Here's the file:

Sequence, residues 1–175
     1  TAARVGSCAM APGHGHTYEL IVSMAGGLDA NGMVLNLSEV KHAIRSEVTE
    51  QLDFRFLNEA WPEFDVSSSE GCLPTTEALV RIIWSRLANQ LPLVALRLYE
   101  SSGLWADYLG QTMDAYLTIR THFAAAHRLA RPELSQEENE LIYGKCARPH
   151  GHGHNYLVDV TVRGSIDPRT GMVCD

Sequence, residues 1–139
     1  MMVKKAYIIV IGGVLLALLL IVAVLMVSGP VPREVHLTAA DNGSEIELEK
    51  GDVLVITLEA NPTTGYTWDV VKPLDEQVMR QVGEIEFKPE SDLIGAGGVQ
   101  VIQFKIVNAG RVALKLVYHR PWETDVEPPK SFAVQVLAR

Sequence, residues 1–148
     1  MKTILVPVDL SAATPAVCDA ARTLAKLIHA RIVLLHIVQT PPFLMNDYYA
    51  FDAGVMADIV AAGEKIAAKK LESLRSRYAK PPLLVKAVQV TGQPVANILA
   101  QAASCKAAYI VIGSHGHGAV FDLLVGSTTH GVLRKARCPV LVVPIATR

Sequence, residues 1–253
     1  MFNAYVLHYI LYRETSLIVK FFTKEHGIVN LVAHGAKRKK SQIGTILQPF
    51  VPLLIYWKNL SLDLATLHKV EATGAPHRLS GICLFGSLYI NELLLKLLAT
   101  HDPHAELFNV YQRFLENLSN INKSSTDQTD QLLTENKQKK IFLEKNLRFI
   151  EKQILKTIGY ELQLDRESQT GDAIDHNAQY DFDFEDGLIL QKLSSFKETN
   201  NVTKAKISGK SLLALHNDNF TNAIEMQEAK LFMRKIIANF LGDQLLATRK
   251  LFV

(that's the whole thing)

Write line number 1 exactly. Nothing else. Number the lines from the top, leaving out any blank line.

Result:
Sequence, residues 1–175